If an Elementary School is already implementing RTI in academic subjects, what is the best way for them to begin to incorporate behavior interventions?

Question: If an Elementary School is already implementing RTI in academic subjects, what is the best way for them to begin to incorporate behavior interventions?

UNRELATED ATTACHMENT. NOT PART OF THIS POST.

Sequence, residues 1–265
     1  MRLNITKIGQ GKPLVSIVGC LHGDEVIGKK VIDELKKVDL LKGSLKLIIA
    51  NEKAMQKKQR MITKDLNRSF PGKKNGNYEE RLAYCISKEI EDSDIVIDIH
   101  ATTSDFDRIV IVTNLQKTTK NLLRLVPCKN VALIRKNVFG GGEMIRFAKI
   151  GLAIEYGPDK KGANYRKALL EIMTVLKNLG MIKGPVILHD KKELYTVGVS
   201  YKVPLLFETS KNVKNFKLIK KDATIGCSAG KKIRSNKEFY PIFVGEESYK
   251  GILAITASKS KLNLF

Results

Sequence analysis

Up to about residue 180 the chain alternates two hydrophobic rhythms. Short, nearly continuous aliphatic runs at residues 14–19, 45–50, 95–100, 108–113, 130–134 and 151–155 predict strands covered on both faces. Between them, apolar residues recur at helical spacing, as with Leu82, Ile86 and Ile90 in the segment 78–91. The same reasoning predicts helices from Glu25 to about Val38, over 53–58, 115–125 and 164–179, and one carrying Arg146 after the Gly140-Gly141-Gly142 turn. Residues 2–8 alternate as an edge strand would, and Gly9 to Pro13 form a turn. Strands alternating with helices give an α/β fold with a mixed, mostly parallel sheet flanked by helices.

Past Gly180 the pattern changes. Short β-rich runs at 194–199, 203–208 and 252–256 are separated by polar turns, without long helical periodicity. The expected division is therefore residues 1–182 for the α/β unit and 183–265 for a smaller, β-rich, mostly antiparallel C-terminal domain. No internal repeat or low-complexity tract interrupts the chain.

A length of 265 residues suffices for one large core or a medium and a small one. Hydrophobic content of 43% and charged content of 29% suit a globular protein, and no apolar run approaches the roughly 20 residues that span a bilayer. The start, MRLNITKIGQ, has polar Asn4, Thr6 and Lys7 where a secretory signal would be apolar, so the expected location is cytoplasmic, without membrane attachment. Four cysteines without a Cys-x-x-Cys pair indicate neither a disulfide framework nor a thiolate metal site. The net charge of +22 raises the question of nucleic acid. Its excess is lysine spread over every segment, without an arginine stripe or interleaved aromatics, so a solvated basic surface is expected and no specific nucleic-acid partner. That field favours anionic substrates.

Joe Wehby: If a school is already implementing RTI at an effective level then I think beginning the same process with behavior should be fairly straight forward. I think the basic structures about creating an environment in which there’s a common set of evidence-based practices for the entire school is already established, and that’s really the main message in terms of behavior is that, much like academic growth, students at elementary schools also need the behavior supports in place to make the same sort of progress. So, from a perspective of RTI the first stage would be to identify and evaluate where the components of an effective, school-wide program that are already existing. So, whether that might be a character education program, maybe a school has established a system of expectations that are appropriate for the entire school and those things are taught and evaluated. But, basically, to assess at what level do a common set of practices, expectations, reinforcers exist for the entire school building and once that is established, and there are tools from the PBIS Center that can be used to evaluate the current status of an individual school’s school-wide program around behavior support, then the same steps in terms of looking at students who aren’t responding for tier 2 and tier 1 can be established. One difference that I think behavioral RTI program differs from an academic one is the issue about how do you monitor non-responders? Whether the context of PBIS programming a common tool that is used is office discipline referrals, that’s only one of several that schools may implement but in some ways an elementary school would have to capture progress for those students that are responding to that tier 1 or that universal behavior support level as well as looking at those students who might be in need of additional behavior support and again whether or not that data system is office discipline referrals, whether it’s some sort of behavioral screening, the whole concept is that again to take ownership of these students’ deficits and identify ways to support them. From that context, just like you would create a secondary level intervention around reading or math for students who are low-performing, of those students who might need additional behavior support, there are secondary interventions that are in place, many of these programs involve mentoring from other adults in the building, whether it’s the teacher, a custodial person, an administrator, but students have been identified in a database sort of way and that secondary level of support is provided. Once that’s been established and implemented then, much like RTI, we’re looking for students who might not be responding again using the same sort of evaluation measurement system and for those students they might move into an intensive individualized intervention. Currently in most elementary schools that practice involves some sort of functional, behavior assessment, which an individualized assessment is developed and evaluated. So, I think the process is the same, so for a school that has RTI in place for academics, I think that following a similar plan is, the framework is there so just using the planted framework to social behavior makes it easier for that transition to occur, or for that co-occurrence to occur. I think some of the things that we differ on is that while there may be more specific decision rules from moving from one tier to the next around academics we lack those same sort of decision rules around behavior, primarily because of assessment reasons. So, again, there are some rules of thumb about office discipline referrals, there are behavioral screeners that may suggest who’s not responding but the precision in which movement from one tier to the next is made is less precise in a school-wide PBIS or behavioral RTI model than in academics. And then the connection between secondary level interventions and individualized interventions also differs a little bit for an RTI model around reading while there are issues I think there’s more sort of direction about what might be the next step to take and often times that movement to a more individualized intervention starts with a behavioral platform or a reading platform from the secondary level. For behavior we often don’t make that connection and so when you see a child not responding to the secondary level intervention they move to maybe a completely different looking individualized intervention. And so the transition between tiers is just less smooth in the behavior piece. That being said I think that the mindset that students need different levels of support, if that’s recognized at the academic level then it’s, the leap to behavior levels is very easy to make.